Roughly 40% of human medicines target G protein-coupled receptors (GPCRs), and ongoing research throughout the pharmaceutical industry is focused on these ubiquitous proteins. There are hundreds of different GPCRs, and despite considerable efforts, our knowledge of their structures and modes of action is limited. Over the past decade, our laboratory has developed a powerful methodology for revealing drug- receptor interactions. The method combines organic chemistry, molecular biology, and electrophysiology to incorporate unnatural amino acids into receptors. We have applied the approach to many neuroreceptors and ion channels, with informative and important results. In the present work we propose to apply the unnatural amino acid methodology to the study of GPCRs. Our initial target will be a family of dopamine receptors, which are implicated in treatments for a number of neurological disorders including Parkinson's disease and schizophrenia. The insights gained from this work will be of great value to efforts to develop safer, more efficacious pharmaceuticals that target dopamine receptors in particular, and GPCRs in general.

Public Health Relevance

Efforts to develop safer, more efficacious pharmaceuticals are greatly aided by insights into precisely how drugs interact with their target receptors. The present work will provide just such information for the most ubiquitous targets of the pharmaceutical industry. The results will aid in the development of new treatments for Parkinson's disease, schizophrenia, and attention-deficit hyperactivity disorder.

Agency
National Institute of Health (NIH)
Institute
National Institute of General Medical Sciences (NIGMS)
Type
Research Project (R01)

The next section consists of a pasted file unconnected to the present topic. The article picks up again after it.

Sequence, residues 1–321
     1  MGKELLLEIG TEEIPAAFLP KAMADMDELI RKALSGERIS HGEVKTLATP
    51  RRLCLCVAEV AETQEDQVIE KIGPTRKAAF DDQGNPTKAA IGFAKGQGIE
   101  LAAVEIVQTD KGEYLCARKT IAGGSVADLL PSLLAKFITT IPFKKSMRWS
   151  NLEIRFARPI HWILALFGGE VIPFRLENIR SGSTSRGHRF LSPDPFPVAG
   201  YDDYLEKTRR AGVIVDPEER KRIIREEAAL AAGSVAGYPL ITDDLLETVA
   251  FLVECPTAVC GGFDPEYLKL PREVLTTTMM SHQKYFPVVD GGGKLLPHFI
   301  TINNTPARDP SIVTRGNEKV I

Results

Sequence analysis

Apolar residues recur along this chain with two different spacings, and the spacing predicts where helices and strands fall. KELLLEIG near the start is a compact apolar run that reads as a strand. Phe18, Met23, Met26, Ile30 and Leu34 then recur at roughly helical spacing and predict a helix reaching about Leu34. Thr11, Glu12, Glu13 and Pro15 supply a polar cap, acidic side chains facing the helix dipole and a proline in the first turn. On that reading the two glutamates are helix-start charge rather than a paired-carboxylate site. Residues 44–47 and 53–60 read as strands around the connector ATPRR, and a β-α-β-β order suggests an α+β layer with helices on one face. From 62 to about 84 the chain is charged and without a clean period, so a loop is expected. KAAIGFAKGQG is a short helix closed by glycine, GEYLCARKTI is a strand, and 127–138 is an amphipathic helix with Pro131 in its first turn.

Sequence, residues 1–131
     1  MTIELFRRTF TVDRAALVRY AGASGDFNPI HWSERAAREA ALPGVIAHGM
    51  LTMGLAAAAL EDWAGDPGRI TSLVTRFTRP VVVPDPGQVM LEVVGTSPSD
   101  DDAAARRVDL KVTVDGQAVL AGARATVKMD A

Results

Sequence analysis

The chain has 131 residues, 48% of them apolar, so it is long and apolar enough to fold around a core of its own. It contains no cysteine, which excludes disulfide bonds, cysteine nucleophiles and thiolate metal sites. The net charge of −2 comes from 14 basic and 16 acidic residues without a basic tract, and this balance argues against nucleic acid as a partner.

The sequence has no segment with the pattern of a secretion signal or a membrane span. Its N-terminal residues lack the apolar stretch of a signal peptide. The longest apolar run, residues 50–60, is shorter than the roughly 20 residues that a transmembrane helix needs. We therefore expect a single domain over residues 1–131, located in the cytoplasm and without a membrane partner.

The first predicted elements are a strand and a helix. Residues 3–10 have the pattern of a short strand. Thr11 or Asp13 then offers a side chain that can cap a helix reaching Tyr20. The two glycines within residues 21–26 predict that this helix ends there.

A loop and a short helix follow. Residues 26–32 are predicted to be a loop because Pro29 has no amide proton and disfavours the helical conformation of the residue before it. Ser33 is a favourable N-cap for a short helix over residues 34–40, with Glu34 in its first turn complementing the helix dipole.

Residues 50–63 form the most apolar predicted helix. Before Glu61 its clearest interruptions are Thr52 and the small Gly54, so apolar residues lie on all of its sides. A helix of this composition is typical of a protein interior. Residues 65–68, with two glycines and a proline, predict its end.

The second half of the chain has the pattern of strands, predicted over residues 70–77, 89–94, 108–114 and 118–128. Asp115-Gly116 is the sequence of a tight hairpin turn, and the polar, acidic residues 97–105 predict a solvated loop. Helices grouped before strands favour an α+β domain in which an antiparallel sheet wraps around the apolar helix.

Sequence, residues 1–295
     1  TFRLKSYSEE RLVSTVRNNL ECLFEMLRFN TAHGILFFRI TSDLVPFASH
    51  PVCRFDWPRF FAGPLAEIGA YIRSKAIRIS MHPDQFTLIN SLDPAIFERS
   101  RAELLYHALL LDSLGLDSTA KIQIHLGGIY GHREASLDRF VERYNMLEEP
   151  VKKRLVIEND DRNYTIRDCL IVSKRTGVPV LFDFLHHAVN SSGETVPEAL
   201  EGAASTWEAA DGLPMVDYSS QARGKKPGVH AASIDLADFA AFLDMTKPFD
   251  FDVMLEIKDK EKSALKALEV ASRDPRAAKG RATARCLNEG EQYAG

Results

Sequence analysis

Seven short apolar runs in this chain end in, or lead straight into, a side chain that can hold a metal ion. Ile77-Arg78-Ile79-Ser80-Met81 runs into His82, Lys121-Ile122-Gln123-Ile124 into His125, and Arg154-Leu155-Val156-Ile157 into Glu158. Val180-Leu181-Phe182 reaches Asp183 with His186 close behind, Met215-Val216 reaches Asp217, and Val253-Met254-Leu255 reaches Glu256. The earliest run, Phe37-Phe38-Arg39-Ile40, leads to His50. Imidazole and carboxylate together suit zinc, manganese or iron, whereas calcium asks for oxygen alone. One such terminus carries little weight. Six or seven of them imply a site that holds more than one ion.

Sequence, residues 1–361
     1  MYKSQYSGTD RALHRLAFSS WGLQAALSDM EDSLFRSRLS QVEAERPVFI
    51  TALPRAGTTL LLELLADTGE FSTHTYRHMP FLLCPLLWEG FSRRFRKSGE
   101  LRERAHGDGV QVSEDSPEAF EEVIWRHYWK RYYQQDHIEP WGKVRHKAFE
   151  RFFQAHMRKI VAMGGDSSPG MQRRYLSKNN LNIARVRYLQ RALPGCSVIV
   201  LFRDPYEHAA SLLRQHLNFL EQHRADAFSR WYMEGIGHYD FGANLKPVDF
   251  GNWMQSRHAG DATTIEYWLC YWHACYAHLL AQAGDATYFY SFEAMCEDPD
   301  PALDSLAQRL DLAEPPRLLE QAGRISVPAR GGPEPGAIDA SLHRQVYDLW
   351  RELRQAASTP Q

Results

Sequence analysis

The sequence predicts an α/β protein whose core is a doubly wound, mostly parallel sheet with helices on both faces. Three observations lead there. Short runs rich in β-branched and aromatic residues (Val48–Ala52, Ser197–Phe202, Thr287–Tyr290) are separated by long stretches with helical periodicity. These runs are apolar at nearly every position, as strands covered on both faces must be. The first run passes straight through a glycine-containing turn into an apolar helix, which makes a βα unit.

Project #
5R01GM081662-03
Application #
7796863
Study Section
Synthetic and Biological Chemistry B Study Section (SBCB)
Program Officer
Dunsmore, Sarah
Project Start
2008-06-01
Project End
2012-03-31
Budget Start
2010-04-01
Budget End
2011-03-31
Support Year
3
Fiscal Year
2010
Total Cost
$304,020
Indirect Cost
Name
California Institute of Technology
Department
Chemistry
Type
Schools of Engineering
DUNS #
009584210
City
Pasadena
State
CA
Country
United States
Zip Code
91125
Daeffler, Kristina N-M; Lester, Henry A; Dougherty, Dennis A (2012) Functionally important aromatic-aromatic and sulfur-ýý interactions in the D2 dopamine receptor. J Am Chem Soc 134:14890-6
Lester, Henry A; Miwa, Julie M; Srinivasan, Rahul (2012) Psychiatric drugs bind to classical targets within early exocytotic pathways: therapeutic effects. Biol Psychiatry 72:907-15
Van Arnam, Ethan B; Lester, Henry A; Dougherty, Dennis A (2011) Dissecting the functions of conserved prolines within transmembrane helices of the D2 dopamine receptor. ACS Chem Biol 6:1063-8
Torrice, Michael M; Bower, Kiowa S; Lester, Henry A et al. (2009) Probing the role of the cation-pi interaction in the binding sites of GPCRs using unnatural amino acids. Proc Natl Acad Sci U S A 106:11919-24